Monthly Archives: August 2008

The uncanny valley

Check out Seth Godin’s latest post: The uncanny valley. If you find this photo disturbing, read Seth’s article to see why.

Posted in Uncategorized

Random inequalities VI: gamma distributions

This post looks at computing P(X > Y) where X and Y are gamma random variables. These inequalities are central to the Thall-Wooten method of monitoring single-arm clinical trials with time-to-event outcomes. They also are central to adaptively randomized clinical

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Posted in Clinical trials, Statistics

Two posts on reproducibility: art and oceanography

On my other blog, Reproducible Ideas, I wrote two short posts about this morning about reproducibility. The first post is a pointer to an interview with Roger Barga about Trident, a workflow system for reproducible oceanographic research using Microsoft’s workflow

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Posted in Computing, Science

NaN, 1.#IND, 1.#INF, and all that

If you’ve ever been surprised by a program that printed some cryptic letter combination when you were expecting a number, you’ve run into an arithmetic exception. This article explains what caused your problem and what you may be able to

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Posted in Software development

Interactions

Jeremy Freese had an interesting observation about interactions in a recent blog post, responding to a post by Andrew Gelman. Anything that affects anyone affects different people differently. Freese was making a point about statistical modeling, but his comment is

Posted in Uncategorized

PowerShell posts classified

Here’s a summary of the blog posts I’ve written so far regarding PowerShell, grouped by topic. Three posts announced CodeProject articles related to PowerShell:  automated software builds, text reviews for software, and monitoring legacy code. Three posts on customizing the

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Posted in PowerShell

Different kinds of software complexity

It has always seemed odd to me that computer science refers to the number of operations necessary to execute an algorithm as the “complexity” of the algorithm. For example, an algorithm that takes O(N3) operations is more complex than an

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Posted in Software development

Stopping trials of ineffective drugs earlier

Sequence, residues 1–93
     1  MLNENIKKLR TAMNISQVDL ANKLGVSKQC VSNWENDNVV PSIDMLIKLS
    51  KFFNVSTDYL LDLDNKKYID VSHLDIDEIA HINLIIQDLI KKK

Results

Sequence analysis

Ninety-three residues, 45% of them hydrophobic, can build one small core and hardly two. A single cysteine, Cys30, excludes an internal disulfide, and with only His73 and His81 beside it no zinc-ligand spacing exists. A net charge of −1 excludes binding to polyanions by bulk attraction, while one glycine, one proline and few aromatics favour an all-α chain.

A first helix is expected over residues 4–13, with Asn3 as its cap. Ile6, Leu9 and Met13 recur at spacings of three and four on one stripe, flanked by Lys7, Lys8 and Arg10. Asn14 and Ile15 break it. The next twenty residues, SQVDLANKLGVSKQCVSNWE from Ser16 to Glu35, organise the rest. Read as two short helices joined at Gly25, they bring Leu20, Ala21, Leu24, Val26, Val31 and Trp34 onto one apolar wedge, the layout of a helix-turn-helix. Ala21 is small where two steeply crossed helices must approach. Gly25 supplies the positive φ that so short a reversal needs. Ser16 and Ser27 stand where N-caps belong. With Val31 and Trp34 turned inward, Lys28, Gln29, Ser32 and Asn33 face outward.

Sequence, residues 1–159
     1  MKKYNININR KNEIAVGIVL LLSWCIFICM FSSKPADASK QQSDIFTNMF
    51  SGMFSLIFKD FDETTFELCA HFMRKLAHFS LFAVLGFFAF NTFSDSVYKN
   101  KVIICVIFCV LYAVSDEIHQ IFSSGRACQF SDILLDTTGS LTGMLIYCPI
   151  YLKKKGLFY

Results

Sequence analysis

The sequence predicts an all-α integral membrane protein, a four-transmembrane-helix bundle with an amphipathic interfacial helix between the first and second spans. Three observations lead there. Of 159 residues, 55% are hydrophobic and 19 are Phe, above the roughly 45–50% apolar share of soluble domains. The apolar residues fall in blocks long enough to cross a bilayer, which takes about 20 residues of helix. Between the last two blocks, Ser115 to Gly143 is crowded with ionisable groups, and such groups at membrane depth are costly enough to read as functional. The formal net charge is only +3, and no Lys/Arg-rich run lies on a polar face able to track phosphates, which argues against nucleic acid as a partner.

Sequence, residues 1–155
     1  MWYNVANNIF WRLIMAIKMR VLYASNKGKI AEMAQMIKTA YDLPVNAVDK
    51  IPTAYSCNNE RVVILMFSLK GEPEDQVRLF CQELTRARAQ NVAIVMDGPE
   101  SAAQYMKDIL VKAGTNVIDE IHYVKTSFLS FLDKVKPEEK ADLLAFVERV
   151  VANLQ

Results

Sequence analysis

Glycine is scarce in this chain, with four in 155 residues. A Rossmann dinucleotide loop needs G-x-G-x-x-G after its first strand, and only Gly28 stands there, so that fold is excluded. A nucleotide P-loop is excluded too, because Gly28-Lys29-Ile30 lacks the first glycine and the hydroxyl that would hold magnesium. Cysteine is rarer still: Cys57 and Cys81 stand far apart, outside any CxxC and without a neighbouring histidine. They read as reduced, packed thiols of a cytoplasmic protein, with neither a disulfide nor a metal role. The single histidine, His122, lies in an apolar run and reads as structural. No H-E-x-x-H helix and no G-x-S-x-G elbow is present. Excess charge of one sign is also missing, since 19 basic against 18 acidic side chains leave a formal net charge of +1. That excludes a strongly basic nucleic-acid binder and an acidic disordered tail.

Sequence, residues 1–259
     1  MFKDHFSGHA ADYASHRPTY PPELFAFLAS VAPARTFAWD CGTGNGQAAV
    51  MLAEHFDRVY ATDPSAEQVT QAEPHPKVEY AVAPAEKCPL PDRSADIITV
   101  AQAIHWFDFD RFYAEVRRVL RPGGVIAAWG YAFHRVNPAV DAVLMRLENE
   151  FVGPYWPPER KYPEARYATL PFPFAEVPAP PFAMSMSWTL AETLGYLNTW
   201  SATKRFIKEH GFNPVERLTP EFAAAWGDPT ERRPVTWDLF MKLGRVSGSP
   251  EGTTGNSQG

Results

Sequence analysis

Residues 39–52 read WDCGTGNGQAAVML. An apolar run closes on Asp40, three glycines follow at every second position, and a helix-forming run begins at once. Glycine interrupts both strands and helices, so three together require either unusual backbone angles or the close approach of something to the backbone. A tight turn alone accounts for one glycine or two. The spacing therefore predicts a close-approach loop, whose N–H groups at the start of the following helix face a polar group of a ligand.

Valen Johnson and I recently posted a working paper on a method for stopping trials of ineffective drugs earlier. For Bayesians, we argue that our method is more consistently Bayesian than other methods in common use. For frequentists, we show

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Posted in Clinical trials

Exponential growth doesn't mean what you think it means

When I hear people talking about something growing “exponentially” I think of the line from the Princess Bride where Inigo Montoya says You keep using that word. I do not think it means what you think it means. When most

Posted in Business, Math

PowerShell output redirection: Unicode or ASCII?

What does the redirection operator > in PowerShell do to text: leave it as Unicode or convert it to ASCII? The answer depends on whether the thing to the right of the > operator is a file or a program.

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Posted in PowerShell

Mathematics behind the Olympic water cube

Here’s a post from the blog Continuous everywhere but differentiable nowhere that explains some of the math that was used to design China’s water cube stadium. I found this blog via Carnival of Mathematics #39.

Posted in Math

Medieval software project management

Centuries ago, English communities would walk the little boys around the perimeter of their parish as a way of preserving land records. This was called “beating the bounds.” The idea was that by teaching the boundaries to someone young, the

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Posted in Business, Software development

Who do you call when SOA software breaks?

The idea behind SOA (service-oriented architecture) is that instead of developing monolithic applications, businesses should build “services,” typically web services, that do specific tasks. These services can then be combined in all kinds of useful ways. This is not a

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Posted in Software development

Random inequalities V: beta distributions

I’ve put a lot of effort into writing software for evaluating random inequality probabilities with beta distributions because such inequalities come up quite often in application. For example, beta inequalities are at the heart of the Thall-Simon method for monitoring

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Posted in Clinical trials, Math, Statistics

Statistically significant but incorrect

The Decision Science News blog has an article highlighting a tool to illustrate how often experiments with significant p-values draw false conclusions. Here’s the web site they refer to. See also Most published research results are false.

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Posted in Clinical trials, Statistics